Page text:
You have every right (http://www4.law.cornell.edu/uscode/17/1008.html) to get together with friends and make tape copies or digital copies of music on digital audio recording equipment. What this means is, if you bring audio tapes you own to a friend's house and copy all of theirs and they copy all of yours, that is perfectly legal. In fact, you pay a 'tax' (to the RIAA, a non-government entity) on all audio tape and audio cd purchases for that right.

    Copying cd to audio tape may or may not be legal, I'm not entirely sure. I believe it is. Copying cd to cd with your computer is illegal, but if you purchase an audio cd burner and use audio cds to copy the data onto, it is perfectly legal. Once again, the government made an agreement (The Home Audio Recording Act) that you pay a tax to the RIAA on all approved audio media and recording equipment to make it legal.

    This is the only difference between audio cd blanks and regular cd blanks - in audio recording equipment, the audio cd blanks won't let you make a copy of them. On a computer, there's no difference except that you pay more.
     
  9. wurp

    wurp Member

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    A little more clarification... copying _someone else's_ audio cd to your cd is illegal if you use a computer to do it. However, it is perfectly legal for you to make a copy of your friend's audio cd if you record to audio tape or use an audio cd recorder and an audio cd.

    It is always legal to copy your own CDs for backup, compilation, or remix purposes, as long as you don't distribute the copy.
     
  10. HopHead

    HopHead Member

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    Well here's one difference:
    I have a great Technics CD changer (5 discs) that I use for audio playback. Great in every respect other than that it always has playback errors (digital artifacts, clicking and ticking noise etc..) when playing back any 80 min cd-r disc. Even if they only have 15 minutes of music recorded on them they are still noisy. As if that wasnt bad enough, longer discs that do limp along to the 60 minute mark will stutter and then suddenly stop. VERY annoying. Any 74 min discs, even cheapies, playback with no errors, even long (70+ minutes of music)ones. I have tried many different media brands and always have the same problems with the 80's and no problem with the 74's .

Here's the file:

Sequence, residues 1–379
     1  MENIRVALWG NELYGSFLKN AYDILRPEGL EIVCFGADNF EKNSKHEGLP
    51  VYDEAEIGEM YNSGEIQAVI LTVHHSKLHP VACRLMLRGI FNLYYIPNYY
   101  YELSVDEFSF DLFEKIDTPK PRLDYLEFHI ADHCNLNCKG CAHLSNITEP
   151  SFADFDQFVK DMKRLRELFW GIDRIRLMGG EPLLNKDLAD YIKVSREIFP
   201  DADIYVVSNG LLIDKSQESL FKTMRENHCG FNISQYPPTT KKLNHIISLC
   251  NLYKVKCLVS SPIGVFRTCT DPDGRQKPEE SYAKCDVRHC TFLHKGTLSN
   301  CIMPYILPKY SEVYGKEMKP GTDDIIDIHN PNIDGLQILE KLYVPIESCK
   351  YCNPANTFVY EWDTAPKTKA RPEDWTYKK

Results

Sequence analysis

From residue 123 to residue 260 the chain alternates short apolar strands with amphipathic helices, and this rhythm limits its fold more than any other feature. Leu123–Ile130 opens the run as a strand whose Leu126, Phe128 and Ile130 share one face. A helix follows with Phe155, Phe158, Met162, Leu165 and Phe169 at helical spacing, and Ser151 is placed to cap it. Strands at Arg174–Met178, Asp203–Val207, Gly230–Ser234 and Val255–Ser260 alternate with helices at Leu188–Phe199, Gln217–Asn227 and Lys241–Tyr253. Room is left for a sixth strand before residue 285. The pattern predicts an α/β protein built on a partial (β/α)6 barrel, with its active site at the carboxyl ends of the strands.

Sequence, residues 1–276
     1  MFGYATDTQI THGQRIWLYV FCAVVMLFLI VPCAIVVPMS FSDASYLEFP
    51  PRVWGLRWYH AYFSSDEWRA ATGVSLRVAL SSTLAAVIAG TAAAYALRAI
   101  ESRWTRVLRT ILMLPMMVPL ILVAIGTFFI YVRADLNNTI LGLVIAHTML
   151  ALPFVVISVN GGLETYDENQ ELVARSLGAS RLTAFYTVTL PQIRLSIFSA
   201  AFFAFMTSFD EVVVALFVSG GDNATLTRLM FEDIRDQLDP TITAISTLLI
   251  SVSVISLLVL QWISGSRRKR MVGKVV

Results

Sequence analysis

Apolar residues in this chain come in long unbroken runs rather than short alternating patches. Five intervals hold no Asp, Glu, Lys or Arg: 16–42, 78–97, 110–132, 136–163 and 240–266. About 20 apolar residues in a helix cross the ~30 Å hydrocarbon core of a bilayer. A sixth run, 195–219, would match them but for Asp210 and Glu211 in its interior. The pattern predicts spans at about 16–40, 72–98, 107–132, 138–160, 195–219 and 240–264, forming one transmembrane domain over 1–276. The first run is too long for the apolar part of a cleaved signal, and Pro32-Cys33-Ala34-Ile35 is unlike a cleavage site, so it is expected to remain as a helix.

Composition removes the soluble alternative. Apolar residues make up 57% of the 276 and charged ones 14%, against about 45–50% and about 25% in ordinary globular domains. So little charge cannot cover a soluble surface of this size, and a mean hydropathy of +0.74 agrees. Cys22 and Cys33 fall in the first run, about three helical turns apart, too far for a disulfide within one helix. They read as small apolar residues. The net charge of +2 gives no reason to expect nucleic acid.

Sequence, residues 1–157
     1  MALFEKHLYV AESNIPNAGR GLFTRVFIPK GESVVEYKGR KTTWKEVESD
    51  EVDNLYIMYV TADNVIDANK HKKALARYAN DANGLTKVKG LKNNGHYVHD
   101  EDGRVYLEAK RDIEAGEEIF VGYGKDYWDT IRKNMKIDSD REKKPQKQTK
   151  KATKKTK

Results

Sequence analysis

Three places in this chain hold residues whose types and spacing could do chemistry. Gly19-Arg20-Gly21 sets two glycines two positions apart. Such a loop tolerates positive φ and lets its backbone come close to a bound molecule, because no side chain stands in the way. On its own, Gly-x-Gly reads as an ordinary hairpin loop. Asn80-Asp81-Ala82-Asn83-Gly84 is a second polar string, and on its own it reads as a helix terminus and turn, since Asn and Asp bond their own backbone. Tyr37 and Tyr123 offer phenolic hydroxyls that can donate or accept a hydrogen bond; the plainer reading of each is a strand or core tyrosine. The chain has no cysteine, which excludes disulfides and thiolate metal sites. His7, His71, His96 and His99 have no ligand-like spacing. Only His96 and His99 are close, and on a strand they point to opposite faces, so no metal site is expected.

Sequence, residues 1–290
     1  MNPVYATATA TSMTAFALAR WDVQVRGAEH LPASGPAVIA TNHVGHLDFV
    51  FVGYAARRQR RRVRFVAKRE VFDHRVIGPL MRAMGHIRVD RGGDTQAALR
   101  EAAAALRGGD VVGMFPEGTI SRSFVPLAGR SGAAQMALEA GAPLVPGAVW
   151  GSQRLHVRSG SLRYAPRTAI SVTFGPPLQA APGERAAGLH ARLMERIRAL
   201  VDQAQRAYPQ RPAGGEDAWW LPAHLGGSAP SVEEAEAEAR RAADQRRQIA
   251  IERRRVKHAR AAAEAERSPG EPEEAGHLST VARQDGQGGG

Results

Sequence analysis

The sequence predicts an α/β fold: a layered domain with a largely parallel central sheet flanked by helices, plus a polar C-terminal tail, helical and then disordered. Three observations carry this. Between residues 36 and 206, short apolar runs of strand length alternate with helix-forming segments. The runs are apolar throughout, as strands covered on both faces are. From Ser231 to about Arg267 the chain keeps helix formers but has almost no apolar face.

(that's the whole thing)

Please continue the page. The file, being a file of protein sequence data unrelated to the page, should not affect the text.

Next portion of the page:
However, when I use 80 minute AUDIO cd-r media to record on i achieve music playback on the Technics with 100% success. This is good news for me, as my huge remaining stockpile of 74min cdrs is rapidly diminishing.

    I confess, I was skeptical of "Audio cd-r" at first, and it may be "Voodoo physics" perhaps, but it works and I'm pleased as I dont have to replace my Technics player!
     
    Last edited: Feb 12, 2004
  11. Kingd

    Kingd Guest

    Audio cd-r's tend to use darker dye's which are easier for regular cd players like stereo, etc to read. Certain disks have problems being played in older stereo's or car cd players because of various factor's, one being the lighter dye used on most cd-r's dont pick up so well on older equipment.
    _X_X_X_X_X_[small]To Defy The Laws Of Tradition.[/small]
     
    Last edited by a moderator: Feb 21, 2004